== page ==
Intrigue: Essie Davis and Nathan Page in Miss Fisher's Murder Mysteries. Photo: Ben King
All the clues are there that they are slowly falling for each other. But while the guarded Detective Inspector John ''Jack'' Robinson, played by Nathan Page, was not enthusiastic about working alongside Miss Phryne Fisher (Essie Davis), he soon becomes a lot closer to her than either of them first imagined.
It's the kind of romantic subplot that will draw Australian viewers back into the second series of the luscious ABC1 drama Miss Fisher's Murder Mysteries, not to mention audiences in the multitude of countries overseas where the show has now been sold, including France and Britain.
And Page, who is playing Miss Fisher's love interest, is enjoying the intrigue.
A-team: Hugo Johnstone-Burt, Essie Davis and Nathan Page in Miss Fisher's Murder Mysteries. Photo: Ben King
''In the first series it was always hard to know where it was going to go,'' Page says. ''But in the second series there are more obstacles put in front of them, particularly the two of them … There's an ex-wife [of his] who comes into play, so there are difficult situations at work for him.''
Page, 40, used to be a champion cyclist who trained with the Australian Institute of Sport as a teenager before moving into acting in his 20s. He says taking on a pivotal role in the show was a great challenge, particularly in making his character not instantly charming.
''From the outset I wanted to make him a little bit darker, a little bit less willing to be likeable,'' Page says. ''And it's a bit of a risk because I'm not sure we're used to that in Australian television. I think we just like to lay all our cards on the table [with characters]. They don't hold too much back, usually. But I wanted him to be a slow burner.''
Page says Davis is ''fantastic'' to work with and they had an instant natural chemistry that helps their characters on screen. ''You don't always have chemistry with the two romantic leads, so you have to improvise a bit, but we do and we get on really well.''
Page describes Davis as ''playful'' on set. ''That makes her a dangerous partner in crime, really,'' he says, with a laugh. ''There's a lot of work to be done and it's got to be done at a bit of a pace and there's not enough hours in the day, and when you end up playing too much and laughing too much, you know, we get into trouble.''
The building sexual tension between Fisher and Page is a key part of the second series, but Page says it's also the aesthetics of the program that will capture viewers' attention. ''It's just so beautifully shot. And the meat and bones of it are the murder mysteries and they're great. You know I used to love Agatha Christie books as a kid.''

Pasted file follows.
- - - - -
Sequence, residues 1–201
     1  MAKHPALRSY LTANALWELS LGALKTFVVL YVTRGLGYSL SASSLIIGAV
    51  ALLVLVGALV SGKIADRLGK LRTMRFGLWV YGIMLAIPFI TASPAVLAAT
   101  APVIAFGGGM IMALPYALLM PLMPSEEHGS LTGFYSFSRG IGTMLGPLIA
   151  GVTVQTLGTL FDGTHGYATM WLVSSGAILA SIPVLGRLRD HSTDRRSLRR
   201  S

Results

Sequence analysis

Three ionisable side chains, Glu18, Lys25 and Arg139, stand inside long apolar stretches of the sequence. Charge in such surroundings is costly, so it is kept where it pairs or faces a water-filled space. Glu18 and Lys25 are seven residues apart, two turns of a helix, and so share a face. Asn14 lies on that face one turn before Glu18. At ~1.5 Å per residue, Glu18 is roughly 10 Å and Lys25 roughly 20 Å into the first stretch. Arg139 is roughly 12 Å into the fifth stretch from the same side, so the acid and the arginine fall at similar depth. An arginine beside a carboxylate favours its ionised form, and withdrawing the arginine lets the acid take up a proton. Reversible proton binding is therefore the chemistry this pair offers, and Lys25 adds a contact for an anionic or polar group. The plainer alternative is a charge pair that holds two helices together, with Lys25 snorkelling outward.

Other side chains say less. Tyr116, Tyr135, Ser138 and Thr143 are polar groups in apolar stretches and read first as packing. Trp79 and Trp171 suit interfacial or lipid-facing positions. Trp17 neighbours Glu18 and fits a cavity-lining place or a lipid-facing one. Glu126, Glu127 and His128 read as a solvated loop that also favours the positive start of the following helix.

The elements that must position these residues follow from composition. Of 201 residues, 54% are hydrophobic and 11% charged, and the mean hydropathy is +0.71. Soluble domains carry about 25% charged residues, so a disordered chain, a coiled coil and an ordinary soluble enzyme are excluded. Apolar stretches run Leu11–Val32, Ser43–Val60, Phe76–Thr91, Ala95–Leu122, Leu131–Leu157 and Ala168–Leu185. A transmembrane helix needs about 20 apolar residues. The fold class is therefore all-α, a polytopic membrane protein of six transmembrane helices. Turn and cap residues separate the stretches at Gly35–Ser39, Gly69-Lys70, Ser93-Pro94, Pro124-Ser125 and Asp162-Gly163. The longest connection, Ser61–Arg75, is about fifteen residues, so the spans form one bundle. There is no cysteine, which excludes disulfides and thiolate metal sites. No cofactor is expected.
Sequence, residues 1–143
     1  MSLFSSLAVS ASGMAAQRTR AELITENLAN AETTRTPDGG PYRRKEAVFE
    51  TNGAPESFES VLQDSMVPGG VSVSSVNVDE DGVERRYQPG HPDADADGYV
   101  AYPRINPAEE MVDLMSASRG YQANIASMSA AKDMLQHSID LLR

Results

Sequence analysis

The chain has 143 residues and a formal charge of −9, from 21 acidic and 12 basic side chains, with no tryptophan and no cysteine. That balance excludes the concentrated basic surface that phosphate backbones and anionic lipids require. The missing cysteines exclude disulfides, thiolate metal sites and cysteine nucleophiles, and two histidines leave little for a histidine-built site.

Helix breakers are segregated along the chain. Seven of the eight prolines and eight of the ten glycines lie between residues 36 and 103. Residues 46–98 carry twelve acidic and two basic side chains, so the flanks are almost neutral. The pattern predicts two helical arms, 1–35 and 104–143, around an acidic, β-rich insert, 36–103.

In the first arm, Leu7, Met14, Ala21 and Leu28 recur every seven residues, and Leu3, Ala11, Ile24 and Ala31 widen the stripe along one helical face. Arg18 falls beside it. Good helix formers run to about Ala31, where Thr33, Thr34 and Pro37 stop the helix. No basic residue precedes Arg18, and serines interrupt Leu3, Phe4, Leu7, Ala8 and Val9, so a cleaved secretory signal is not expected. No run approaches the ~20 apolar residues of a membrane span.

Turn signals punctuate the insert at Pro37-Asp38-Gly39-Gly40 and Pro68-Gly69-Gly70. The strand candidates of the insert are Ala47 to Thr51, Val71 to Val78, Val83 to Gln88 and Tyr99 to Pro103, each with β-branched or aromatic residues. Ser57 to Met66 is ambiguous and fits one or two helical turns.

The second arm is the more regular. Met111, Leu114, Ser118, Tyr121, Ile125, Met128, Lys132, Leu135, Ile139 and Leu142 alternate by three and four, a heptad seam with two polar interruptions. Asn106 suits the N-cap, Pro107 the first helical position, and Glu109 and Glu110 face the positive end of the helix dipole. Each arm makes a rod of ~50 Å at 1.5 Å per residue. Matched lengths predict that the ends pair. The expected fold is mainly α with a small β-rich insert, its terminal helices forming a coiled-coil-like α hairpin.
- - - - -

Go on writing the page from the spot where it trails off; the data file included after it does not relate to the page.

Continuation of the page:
The Australian series is based on the books by Kerry Greenwood. ''It's a rich little world of characters,'' Page says.
The second series of Miss Fisher's Murder Mysteries begins on Friday at 8.30pm on ABC1.
If you didn't notice the footage of their product warehouses, their supermarket shelves, their company-branded semi-trailers - let alone one of their corporate executives on the final judging panel - then Woolworths would be mightily disappointed.
For as the ''official partner'' of Ten's new show Recipe to Riches, the supermarket giant has taken cross-promotional television to a whole new level in Australia.
Just when we'd become accustomed to foods and cooking products being blatantly plugged by major shows such as My Kitchen Rules and MasterChef, along comes this show putting a major supermarket front and centre of the narrative. It reveals the creation, marketing and testing of products from an initial idea to their place on the shelves.
It is an interesting behind-the-scenes concept, yes. Is it also a chance to flog the supermarket's brand repeatedly? Yes, yes, yes.
In its favour, the Ten show has a strong and likeable cast of judges, centred on charismatic entrepreneur Carolyn Creswell (who sells her products through a certain supermarket chain starting with W), advertising expert David Nobay (a good discovery for television with his warm wit) and chef Darren Robertson.
Based on a successful Canadian format, the premise of Recipe to Riches is simple: people pitch a recipe idea in the hope of scoring a store contract (and $100,000 prizemoney) as the overall winner. Each week, a finalist's product goes on sale in the supermarket, the morning after the show airs. Some may say it is no different to watching a talent show such as The Voice and downloading a track from iTunes straight after the show.
Whether or not viewers are tired of such blatant cross-promotions is a completely different story.
Recipe to Riches airs on Tuesday at 7.30pm on Ten.
Is three a crowd?
Nuala Hafner's news will be beamed from Federation Square in Melbourne, while hosts Natarsha Belling, James Mathison and Natasha Exelby will be sitting in their purpose-built studio in Manly.
It's all coming together well for Wake Up, the new breakfast show being created by Adam Boland for Ten, but the only question being asked within the television industry is whether there is one too many in the hosting crew.
Belling and Mathison are perfect choices for the show: the former a highly talented journalist and news reader with a warm wit; the latter an experienced television host with a dry, insightful sense of humour. But would they have been absolutely perfect as the key duo on the show, without the lesser-known Exelby alongside them?
Only time will tell whether three's a crowd on the program. (Not to mention having a Natarsha and a Natasha).
But for Belling, who has been on annual leave since the announcement of the role, and Mathison, who is eager to get started on the show, it appears to be perfect timing for them to become the younger, fresher and funnier faces of breakfast television.